The mission of the car rental business is to provide dependable vehicles for consumer transportation. Although the industry is not cyber or computer centric, each transaction within the car rental business model involves the exchange of money and sensitive personal consumer information, such as names, dates of births, and driver license numbers. Because money and information are what attracts the cyber thief, those in the car rental business need to be proactive to protect against becoming a cybercrime victim.
Cybercrime has increased in all sectors, to include the car rental businesses, with approximately $3.5 billion in domestic losses annually. Regrettably, cybercriminals are challenging to identify and even more difficult to apprehend, frequently operating on the Internet’s dark web and in faraway foreign lands where U.S. law enforcement has no jurisdiction. Therefore, it is important for those in the car rental industry to take the necessary steps to protect themselves and their customers. Fortunately, this can be achieved at little or no cost to either the business or the consumer.
Vehicles today have incorporated elements of cyber connectivity, which leave them susceptible to being hacked. If a vehicle can be hacked, it can not only be controlled while being operated, potentially creating liability should an incident occur, but more likely the vehicle can also be stolen. By hacking into the pre-existing computer software security flaws, it is relatively easy for a cybercriminal to obtain remote access to the vehicle ignition start. The easiest and most economical way to prevent this from occurring is by making sure rental vehicle onboard computer systems are up to date. Vehicle manufactures regularly provide computer updates at no cost whenever a vulnerability is discovered. Timely software updates of vehicle computer systems will prevent a system compromise and vehicle theft.
Likewise, smartphones and other devices that integrate with vehicle computer systems also pose a potential risk. Just like the vehicle’s internal computer system, a smart device that has not been updated with the latest security software, once paired with the vehicle, creates an avenue through which hackers can further gain vehicle access. Accordingly, car rental businesses should enlist customer assistance by reminding renters to update their personal-device security updates before pairing with rental vehicles. Running regular OS updates not only protects the business, but in the long run, will protect the smart device owner, too.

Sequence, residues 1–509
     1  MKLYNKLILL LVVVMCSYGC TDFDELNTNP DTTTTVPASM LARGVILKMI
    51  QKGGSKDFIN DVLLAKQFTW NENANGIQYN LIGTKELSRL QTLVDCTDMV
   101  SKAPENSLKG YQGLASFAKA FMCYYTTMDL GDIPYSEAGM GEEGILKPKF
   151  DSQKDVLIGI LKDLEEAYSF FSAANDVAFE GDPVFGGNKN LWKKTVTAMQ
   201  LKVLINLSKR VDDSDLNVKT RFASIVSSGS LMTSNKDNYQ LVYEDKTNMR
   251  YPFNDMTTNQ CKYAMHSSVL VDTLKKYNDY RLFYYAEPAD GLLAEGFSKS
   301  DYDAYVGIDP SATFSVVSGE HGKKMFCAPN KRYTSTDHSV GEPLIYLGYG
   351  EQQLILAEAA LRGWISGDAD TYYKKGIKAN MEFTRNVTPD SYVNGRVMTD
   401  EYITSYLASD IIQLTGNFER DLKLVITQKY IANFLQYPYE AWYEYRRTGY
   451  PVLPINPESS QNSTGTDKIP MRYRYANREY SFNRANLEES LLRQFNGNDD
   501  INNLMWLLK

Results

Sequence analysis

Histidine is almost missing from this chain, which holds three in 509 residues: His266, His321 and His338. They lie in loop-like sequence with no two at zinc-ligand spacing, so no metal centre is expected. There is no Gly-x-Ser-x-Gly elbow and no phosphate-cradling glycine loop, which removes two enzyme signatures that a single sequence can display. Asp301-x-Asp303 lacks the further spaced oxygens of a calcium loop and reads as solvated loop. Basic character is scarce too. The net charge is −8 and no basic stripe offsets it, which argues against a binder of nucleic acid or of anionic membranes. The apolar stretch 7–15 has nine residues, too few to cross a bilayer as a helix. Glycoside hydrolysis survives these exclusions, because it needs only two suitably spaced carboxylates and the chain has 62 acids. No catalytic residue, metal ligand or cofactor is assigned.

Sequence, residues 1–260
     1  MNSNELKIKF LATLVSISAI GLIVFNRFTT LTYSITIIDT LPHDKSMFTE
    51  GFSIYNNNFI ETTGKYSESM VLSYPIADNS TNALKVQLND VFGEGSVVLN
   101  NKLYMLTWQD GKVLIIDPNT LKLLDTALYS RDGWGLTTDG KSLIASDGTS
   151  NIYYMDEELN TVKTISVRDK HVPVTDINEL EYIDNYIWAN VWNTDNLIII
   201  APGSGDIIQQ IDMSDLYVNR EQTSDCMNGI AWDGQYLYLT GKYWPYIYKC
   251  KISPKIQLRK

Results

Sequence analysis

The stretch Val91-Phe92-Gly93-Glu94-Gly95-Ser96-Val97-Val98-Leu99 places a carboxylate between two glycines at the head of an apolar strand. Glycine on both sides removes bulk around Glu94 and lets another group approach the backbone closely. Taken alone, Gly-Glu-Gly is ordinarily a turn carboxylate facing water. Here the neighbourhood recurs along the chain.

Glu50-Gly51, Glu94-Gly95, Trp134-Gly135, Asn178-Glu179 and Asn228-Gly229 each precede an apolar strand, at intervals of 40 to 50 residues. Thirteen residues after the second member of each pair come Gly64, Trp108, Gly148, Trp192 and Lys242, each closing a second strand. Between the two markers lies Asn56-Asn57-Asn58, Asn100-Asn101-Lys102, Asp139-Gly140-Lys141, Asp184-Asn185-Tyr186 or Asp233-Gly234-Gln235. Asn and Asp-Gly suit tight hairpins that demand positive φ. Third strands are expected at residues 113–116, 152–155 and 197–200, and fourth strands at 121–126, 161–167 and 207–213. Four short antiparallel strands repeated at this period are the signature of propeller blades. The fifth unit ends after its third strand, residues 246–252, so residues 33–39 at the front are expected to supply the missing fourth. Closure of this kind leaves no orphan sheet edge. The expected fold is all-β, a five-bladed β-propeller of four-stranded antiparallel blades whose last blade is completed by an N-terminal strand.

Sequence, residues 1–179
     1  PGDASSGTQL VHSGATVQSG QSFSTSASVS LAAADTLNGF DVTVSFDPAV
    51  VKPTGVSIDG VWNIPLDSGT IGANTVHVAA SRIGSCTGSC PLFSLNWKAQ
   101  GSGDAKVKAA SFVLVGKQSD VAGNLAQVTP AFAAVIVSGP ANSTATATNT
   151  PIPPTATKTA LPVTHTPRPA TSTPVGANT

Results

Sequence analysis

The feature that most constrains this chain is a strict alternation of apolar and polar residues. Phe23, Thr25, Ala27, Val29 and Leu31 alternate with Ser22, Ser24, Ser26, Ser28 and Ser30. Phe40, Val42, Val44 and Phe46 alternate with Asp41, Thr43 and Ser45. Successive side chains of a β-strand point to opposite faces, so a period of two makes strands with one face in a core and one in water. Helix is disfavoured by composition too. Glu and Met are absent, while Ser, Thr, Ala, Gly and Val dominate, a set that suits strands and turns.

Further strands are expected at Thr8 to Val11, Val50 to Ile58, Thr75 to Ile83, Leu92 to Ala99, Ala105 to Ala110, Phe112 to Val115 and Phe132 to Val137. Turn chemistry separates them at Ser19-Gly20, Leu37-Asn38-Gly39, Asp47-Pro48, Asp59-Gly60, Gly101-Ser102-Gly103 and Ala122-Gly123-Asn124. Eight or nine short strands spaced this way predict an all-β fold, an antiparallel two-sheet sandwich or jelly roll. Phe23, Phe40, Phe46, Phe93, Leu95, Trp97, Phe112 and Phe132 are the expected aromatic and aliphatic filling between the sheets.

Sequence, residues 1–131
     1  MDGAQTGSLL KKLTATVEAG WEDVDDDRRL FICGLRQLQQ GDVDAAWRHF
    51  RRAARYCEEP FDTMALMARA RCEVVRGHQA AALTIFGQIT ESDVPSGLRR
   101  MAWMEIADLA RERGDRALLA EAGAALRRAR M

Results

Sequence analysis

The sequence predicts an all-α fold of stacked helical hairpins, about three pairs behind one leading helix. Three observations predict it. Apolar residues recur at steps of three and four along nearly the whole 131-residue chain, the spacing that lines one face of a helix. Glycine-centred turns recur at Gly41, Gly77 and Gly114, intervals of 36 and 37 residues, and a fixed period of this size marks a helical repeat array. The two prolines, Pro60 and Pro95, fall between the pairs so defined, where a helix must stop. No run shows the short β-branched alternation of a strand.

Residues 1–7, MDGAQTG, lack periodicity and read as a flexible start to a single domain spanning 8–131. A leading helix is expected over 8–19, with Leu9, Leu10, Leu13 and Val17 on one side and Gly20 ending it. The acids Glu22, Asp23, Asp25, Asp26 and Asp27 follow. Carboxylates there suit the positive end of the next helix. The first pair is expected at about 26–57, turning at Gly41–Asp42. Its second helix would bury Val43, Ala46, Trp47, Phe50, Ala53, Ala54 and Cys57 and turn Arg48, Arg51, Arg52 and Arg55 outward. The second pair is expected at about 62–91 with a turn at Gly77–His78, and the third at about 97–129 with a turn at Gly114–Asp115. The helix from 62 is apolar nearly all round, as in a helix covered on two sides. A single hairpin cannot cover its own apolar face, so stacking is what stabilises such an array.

Recommended Computer Use Policies
Finally, in addition to the actual vehicle, the car rental business computer network is a highly attractive cyber target. Cybercriminals understand that every rental transaction will involve not only money, but the sensitive personal information of the renter. Once compromised, this information can be utilized by the cybercriminal or sold to others, causing further victimization of the consumer and creating liability for the car rental business, who by law must make their customer whole once again. Generally, these compromises occur when the rental business network becomes infected with malware, usually downloaded unintentionally by an employee. While antivirus software can eliminate most malware, preventing a malware infection should be the priority. The car rental business should have computer user policies that prohibit employees from engaging in personal activities on the network, such as checking their email or social media. Likewise, evening during the normal course of conducting business, employees should be made aware to avoid clicking any suspicious links that can lead to malware infecting the network. Restricting Internet activities and being proactive in avoiding potential dangers will greatly reduce the risk to the business of cyber threats.
Cybercriminals will target both rental vehicles and the car rental business, which can inflict financial and reputational damage. Fortunately, cyber-attacks can be minimized through simple and cost-effective precautions. These actions will greatly enhance protecting both the car rental business and their customers from cybercrime.
About the author: John Iannarelli, aka FBI John, served for more than 20 years as an FBI Special Agent and was also the Bureau’s national spokesperson. His investigative work included the Oklahoma City Bombing, the 9/11 attack, the Congresswoman Gabrielle Giffords shooting, the Sony hack, and other assorted crimes. He is the recipient of the FBI Director’s Distinguished Service Award, as well as an Honorary Doctor of Computer Science. He is a national news on-air consultant and the author of five books.